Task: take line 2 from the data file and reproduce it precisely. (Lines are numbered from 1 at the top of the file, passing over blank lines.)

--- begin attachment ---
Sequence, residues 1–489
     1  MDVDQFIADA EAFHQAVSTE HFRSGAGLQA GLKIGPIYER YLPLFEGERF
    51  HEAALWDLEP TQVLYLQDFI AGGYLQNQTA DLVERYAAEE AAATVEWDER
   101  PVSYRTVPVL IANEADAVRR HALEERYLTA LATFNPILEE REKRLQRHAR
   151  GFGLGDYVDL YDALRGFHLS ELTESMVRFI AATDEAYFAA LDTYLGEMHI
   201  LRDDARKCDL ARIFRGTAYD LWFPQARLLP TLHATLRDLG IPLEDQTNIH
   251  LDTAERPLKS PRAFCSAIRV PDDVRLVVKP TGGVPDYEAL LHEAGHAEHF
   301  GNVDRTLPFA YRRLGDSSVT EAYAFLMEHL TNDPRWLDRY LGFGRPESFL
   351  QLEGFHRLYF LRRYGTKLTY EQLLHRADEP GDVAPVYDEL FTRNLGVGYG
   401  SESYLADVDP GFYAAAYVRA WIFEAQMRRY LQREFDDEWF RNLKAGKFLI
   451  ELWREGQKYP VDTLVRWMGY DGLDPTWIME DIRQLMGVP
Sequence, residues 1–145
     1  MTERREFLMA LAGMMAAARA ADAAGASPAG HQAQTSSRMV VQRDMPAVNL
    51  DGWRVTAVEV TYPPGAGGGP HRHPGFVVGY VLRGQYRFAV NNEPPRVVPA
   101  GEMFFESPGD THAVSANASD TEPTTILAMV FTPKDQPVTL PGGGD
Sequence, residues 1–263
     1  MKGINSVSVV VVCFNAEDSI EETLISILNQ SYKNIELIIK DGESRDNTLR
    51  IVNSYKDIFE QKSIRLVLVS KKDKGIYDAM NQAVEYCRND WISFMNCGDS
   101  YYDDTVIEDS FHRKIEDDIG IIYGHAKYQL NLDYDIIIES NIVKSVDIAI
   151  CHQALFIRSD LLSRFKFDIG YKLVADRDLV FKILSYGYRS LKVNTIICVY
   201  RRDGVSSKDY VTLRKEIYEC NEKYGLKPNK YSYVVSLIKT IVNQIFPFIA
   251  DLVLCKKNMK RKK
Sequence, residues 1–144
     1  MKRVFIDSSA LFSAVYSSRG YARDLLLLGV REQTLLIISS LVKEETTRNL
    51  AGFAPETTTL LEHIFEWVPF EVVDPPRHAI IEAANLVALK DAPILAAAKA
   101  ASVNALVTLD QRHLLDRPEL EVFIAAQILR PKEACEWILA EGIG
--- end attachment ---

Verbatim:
     1  MDVDQFIADA EAFHQAVSTE HFRSGAGLQA GLKIGPIYER YLPLFEGERF